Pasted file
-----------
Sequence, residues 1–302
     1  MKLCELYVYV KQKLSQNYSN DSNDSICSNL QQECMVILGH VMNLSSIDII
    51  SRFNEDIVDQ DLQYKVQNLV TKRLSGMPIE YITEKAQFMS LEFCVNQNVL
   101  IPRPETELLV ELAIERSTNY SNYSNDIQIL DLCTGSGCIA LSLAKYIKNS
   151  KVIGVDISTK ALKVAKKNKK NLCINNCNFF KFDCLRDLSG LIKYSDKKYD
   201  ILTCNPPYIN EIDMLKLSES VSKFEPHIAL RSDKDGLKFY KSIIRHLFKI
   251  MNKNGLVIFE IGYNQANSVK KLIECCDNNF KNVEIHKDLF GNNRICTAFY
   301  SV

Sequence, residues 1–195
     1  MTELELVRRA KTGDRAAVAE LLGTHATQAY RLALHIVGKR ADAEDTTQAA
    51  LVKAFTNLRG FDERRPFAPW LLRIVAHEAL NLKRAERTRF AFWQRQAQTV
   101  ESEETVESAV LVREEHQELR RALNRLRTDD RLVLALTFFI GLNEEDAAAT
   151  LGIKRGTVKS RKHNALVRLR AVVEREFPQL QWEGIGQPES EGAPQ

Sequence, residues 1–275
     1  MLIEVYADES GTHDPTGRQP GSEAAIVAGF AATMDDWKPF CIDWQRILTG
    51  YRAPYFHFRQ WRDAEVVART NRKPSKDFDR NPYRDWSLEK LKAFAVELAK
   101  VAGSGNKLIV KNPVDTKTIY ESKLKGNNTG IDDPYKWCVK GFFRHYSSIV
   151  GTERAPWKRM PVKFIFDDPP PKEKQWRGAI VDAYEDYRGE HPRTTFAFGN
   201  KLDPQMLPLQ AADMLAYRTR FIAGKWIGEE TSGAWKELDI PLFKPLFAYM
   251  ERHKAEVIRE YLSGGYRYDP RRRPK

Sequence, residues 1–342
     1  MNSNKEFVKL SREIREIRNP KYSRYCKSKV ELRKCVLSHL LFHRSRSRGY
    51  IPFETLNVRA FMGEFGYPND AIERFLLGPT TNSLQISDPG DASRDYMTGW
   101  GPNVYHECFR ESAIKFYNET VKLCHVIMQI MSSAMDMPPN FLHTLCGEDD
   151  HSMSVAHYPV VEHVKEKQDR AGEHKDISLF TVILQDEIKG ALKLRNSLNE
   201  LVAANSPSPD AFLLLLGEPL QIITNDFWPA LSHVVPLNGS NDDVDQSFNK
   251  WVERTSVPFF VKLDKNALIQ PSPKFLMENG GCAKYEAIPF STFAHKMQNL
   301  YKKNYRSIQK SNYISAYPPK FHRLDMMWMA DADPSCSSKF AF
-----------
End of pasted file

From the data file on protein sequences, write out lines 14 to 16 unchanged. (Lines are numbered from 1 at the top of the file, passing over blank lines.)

Sequence, residues 1–275
     1  MLIEVYADES GTHDPTGRQP GSEAAIVAGF AATMDDWKPF CIDWQRILTG
    51  YRAPYFHFRQ WRDAEVVART NRKPSKDFDR NPYRDWSLEK LKAFAVELAK